I have a bunch of games that were downloaded/copied and burned to disc, because usb loading wasn’t a thing yet, and the chip allows for playing copies at the full 6x speed. Without a chip, physical copies are reduced to 3x speed, and it breaks certain games like one of the Metroid games, and I think Ghostbusters.
 
Last edited by urherenow,
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The Wii's optical drive arguably is worth less than nothing these days. It weighs the console down and wastes electricity.

If you have a collection of burnt games and can't afford a USB stick or have slow internet making ripping disks more pragmatic than downloading ISOs then the optical drive serves a purpose. But these are niche uses and most people would be better off without it.
 

Alex_Halley

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Sure can do. Not today though, it's pretty time consuming to dig that deep into the system and then put it all back together.

Neat. I too had no idea that DQX had these issues. Although shouldn't Alex_Halley simply buy a Japanese Wii then? I'm sure they're out there and not particularly expensive, and DQX looks cheap enough too (with a quick look I see a Wii that just eBayed for $50USD shipped and DQX for $10USD). International shipping form Canada is far from cheap nowadays, and my Japanese Wii is basically a brick as it sits now, it has a dead DVD drive in it and won't even let me in the system settings :unsure:



I really want to run DQX on one of my Wii's (I have 4), but 2 do not run backups recorded by me, and the other 2 have chips that do not run at 6x speed (necessary for the DQX to install the channel and pen drive). Let's talk about Ebay. I live in Brazil, so all Ebay prices, for you to have a reference for those who live in Brazil, multiply the prices by 5, then you will approach Ebay prices for Brazilians.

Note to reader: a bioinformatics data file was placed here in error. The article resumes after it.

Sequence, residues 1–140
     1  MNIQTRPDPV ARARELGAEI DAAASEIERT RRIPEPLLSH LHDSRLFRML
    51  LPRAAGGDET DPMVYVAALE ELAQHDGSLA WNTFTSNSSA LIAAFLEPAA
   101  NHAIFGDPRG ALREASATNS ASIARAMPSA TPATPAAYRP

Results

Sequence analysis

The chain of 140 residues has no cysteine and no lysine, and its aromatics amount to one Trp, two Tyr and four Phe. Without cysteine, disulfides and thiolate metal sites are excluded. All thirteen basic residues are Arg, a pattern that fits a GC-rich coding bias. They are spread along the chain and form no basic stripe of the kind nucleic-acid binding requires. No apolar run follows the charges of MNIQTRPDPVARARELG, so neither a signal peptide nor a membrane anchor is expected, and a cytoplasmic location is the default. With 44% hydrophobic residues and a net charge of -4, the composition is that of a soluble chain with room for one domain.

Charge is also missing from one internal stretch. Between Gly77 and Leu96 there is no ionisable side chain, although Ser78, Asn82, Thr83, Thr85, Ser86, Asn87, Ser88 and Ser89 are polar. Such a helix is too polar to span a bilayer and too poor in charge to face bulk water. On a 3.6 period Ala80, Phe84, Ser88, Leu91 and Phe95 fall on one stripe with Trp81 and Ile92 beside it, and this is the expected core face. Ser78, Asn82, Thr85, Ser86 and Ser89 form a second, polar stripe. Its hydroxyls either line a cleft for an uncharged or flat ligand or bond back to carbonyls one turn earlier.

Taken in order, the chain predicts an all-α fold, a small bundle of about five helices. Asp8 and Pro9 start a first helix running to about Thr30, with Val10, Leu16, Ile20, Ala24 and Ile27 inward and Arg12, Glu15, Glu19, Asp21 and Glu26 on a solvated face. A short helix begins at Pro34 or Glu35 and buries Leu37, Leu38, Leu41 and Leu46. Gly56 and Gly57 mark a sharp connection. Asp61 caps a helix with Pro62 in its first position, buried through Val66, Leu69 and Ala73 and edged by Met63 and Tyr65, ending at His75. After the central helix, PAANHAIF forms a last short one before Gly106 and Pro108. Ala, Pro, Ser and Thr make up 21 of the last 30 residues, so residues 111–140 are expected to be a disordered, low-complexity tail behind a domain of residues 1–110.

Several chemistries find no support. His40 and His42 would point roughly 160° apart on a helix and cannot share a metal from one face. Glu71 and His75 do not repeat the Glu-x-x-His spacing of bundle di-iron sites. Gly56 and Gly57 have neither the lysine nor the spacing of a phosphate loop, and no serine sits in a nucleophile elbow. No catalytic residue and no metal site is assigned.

I already play DQX for PC and Switch, but DQX for Wii (which no longer has online mode) has an exclusive story mode, which I was interested in playing but without spending more than I spent on Wii's .
I publicly thank alexander1970 for remembering me!
 
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ragnar14

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I live in Brazil,
Oh. Yeah I've heard about that. I don't know what that layer of shipping hell is like, I just spotted a Japanese listing shipping the console internationally for free, but that totally could exclude Brazil.
I just poked at Canada Post's website and guesstimated the size/weight to ship a Wii from here to Brazil. Looks like it's either $30 or $60 for untracked surface mail (not sure why the site is throwing me 2 different prices for the same rate). Tracked shipping *starts* at $90, which is what eBay would need at a minimum. And afaik you guys get hammered on import taxes too :glare:
 
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ragnar14

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Alrighty, I did some things with with this chipped drive. Firstly I opened it up and took some pictures:
c1i3ta.jpg

9bibfd.jpg

ubv8gp.jpg

q9ycda.jpg

Colors? Who needs colors when you have 29(?) wires going to random tiny points?!
Ain't no way I'm going to touch that tape, I don't care that I can't see everything. I'd rather not accidentally have something pop loose that I'm incapable of fixing.

From there I figured the best test to confirm there were any hardware/software system issues would be to remove what I thought to be the problem, just for confirmation. So I popped my dead drive back into my US system, and slapped the chipped drive into the Japanese Wii again.
Booting up my US system without the chipped drive, Nintendont still was crashing, so I initially thought the cheap thumbdrive was the issue. However I couldn't repeat the, USB game load, home button back to the Wii menu crash, so I kept testing random stuff with the USB drive. Turns out Nintendont started working just fine when I popped the drive onto my PC and deleted all the GameCube save files that had weird timestamps decades removed from reality. Perhaps Nintendont won't function in the year 2035? idk lol
So yeah, once I removed those few files the chipped drive somehow managed to corrupt, my US Wii works totally fine.